Capitol Comments

CSG Midwest
When it comes to improving health outcomes, many policymakers look first to strategies that can provide better care for people who are ill. But some experts argue that medical care itself accounts only for a small part of positive health outcomes. The vast majority of interventions that can make people healthier, and reduce spending on health care, need to happen long before someone enters a doctor’s office.
That’s why states across the Midwest are exploring ways to address so-called “social determinants” to health — from low levels of income and education, to high levels of community violence, to a lack of access to housing and transportation.
CSG Midwest
From time to time, a legislator makes headlines by invoking “immunity” when he or she is stopped by law enforcement. The news stories almost always bring up this question: Do lawmakers really have a “get out of jail free” card? The answer is, almost always, “no.” Most states have in their constitutions privilege for legislators, but the actual protections can be misunderstood by law enforcement, the public and lawmakers alike.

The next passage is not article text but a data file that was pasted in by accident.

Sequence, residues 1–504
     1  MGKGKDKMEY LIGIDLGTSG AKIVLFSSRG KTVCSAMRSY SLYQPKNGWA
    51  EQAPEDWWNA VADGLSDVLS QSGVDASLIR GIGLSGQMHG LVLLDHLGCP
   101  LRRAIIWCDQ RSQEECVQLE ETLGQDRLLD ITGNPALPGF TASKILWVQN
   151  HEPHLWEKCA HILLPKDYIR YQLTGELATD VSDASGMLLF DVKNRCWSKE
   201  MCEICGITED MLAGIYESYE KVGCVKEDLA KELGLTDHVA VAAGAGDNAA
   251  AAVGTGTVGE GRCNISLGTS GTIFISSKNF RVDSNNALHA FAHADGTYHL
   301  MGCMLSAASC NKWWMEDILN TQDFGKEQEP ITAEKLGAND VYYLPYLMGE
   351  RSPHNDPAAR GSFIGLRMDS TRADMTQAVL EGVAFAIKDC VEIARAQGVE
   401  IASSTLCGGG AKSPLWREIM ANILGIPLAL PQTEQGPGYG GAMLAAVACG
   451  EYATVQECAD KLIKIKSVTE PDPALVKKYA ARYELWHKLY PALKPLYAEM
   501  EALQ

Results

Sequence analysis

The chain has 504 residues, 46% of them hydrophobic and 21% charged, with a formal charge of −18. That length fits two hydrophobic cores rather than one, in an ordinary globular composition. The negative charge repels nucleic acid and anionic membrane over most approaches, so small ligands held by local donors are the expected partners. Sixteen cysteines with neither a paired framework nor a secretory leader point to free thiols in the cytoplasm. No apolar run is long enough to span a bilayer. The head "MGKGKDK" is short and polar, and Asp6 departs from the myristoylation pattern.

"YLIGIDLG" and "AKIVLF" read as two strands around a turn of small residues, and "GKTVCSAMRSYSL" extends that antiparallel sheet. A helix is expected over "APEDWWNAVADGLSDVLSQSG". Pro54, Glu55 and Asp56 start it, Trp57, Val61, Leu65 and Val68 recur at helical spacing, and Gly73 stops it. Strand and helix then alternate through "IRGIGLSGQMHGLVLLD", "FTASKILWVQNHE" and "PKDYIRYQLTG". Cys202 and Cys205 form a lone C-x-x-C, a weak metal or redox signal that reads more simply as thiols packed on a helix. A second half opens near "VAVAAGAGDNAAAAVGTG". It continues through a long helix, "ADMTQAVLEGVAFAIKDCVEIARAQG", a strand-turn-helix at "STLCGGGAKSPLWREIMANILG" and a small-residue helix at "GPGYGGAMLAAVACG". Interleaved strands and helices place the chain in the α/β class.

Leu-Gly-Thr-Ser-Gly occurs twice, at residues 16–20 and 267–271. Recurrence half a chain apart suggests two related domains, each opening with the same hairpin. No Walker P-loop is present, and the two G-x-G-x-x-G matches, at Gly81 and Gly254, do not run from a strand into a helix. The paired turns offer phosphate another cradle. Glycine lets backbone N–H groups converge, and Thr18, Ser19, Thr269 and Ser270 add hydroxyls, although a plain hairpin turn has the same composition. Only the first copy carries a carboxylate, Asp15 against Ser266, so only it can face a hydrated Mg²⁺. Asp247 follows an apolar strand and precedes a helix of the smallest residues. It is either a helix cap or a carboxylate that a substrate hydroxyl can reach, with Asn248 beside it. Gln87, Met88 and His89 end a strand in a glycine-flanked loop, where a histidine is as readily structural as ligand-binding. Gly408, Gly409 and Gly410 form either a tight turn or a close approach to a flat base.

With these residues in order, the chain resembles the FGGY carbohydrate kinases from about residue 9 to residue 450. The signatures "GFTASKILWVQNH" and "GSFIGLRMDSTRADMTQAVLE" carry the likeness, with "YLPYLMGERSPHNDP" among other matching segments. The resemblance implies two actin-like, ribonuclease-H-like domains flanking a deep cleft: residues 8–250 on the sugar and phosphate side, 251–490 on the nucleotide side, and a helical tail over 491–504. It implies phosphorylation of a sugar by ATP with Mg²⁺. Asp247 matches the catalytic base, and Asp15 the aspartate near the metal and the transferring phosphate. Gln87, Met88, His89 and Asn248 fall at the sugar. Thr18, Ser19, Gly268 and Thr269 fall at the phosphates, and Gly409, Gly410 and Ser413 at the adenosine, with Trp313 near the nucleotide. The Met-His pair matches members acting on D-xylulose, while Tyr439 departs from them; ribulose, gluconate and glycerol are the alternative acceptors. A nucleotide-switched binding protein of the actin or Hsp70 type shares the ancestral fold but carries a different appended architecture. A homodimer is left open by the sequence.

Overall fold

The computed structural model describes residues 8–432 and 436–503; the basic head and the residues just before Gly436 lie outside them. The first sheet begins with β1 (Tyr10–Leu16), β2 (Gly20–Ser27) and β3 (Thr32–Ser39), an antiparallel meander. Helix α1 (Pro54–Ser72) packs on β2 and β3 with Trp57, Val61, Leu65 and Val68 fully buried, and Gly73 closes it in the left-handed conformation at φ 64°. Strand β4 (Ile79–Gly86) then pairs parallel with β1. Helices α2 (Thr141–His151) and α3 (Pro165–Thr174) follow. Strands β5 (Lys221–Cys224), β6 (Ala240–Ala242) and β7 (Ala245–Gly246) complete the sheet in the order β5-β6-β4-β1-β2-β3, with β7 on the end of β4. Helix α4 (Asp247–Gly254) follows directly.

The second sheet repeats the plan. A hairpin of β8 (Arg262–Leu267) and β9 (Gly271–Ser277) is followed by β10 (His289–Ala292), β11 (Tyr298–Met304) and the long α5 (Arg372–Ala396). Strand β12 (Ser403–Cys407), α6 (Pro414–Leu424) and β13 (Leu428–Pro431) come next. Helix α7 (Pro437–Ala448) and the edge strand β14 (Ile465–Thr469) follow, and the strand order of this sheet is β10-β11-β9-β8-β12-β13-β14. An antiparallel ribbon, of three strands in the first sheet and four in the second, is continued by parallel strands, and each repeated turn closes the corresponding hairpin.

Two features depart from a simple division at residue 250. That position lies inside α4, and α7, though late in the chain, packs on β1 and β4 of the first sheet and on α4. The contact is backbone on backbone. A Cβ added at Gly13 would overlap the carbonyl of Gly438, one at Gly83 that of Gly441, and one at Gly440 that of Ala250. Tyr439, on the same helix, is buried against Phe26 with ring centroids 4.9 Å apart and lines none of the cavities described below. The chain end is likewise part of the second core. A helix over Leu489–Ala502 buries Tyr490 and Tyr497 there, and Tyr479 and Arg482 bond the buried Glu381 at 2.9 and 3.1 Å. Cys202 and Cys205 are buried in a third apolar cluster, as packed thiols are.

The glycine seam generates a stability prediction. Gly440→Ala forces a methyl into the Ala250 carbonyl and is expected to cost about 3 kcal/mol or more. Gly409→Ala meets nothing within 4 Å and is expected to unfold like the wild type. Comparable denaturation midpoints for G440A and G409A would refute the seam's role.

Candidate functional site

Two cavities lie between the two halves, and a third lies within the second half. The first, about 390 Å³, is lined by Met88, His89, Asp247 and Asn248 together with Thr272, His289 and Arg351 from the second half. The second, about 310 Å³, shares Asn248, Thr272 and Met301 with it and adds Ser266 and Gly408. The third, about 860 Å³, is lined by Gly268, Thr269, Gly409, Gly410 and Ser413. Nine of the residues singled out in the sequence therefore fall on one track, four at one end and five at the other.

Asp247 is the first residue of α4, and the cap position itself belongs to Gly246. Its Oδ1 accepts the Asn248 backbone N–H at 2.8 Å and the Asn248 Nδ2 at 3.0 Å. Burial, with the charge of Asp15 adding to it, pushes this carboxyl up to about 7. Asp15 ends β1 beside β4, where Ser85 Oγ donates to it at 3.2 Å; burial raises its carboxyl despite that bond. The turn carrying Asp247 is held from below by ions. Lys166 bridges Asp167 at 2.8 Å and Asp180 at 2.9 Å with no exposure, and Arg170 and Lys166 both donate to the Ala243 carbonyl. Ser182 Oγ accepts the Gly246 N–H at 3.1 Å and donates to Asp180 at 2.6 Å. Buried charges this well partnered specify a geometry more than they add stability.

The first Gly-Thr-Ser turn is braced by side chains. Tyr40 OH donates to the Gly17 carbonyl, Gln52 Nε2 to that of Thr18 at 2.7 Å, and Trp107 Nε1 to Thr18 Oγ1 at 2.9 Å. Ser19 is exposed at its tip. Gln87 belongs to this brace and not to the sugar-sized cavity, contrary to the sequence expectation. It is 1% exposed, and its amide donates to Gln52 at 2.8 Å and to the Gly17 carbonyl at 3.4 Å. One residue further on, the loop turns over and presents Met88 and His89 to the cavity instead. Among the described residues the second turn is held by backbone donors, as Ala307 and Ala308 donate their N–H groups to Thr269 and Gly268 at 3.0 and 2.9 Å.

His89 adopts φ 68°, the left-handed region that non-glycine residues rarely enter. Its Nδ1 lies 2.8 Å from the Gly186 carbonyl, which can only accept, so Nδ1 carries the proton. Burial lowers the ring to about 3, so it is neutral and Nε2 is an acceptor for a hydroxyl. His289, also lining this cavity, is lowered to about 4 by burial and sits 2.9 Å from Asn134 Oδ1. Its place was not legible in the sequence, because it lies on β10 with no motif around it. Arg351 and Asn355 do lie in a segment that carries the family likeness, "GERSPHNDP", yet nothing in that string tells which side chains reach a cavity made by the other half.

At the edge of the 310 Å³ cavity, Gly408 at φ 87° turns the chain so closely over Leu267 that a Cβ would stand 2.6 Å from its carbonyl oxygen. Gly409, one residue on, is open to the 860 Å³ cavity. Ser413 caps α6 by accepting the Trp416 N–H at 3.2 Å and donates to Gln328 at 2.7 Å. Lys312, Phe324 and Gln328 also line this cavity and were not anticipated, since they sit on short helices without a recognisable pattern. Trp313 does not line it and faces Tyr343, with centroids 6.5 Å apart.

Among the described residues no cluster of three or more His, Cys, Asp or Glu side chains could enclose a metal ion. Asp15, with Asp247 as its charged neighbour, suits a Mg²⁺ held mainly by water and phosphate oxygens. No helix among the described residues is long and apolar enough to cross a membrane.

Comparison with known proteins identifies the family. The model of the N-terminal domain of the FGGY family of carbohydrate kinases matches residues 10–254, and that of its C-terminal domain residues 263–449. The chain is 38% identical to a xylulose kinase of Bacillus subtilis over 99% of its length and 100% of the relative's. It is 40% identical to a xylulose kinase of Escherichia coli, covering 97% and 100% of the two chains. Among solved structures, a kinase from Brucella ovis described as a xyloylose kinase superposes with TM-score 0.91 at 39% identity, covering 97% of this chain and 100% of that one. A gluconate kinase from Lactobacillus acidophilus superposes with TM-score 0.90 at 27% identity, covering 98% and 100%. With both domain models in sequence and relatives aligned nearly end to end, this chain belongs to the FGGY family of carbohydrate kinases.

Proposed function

Legislative privilege has historical roots that date back to 17th-century Britain, says Steven Huefner, a professor at The Ohio State University. That tradition eventually took hold in the United States, but today, the immunity language in state and federal constitutions has very little relevance.
“It’s a bit of a historical anachronism from when there existed a ‘civil arrest’ to detain people. We no longer even have that in any meaningful sense; if you’re being arrested by the police, they have probable cause [for criminal arrest],” he says.
But the provision still grabs headlines today.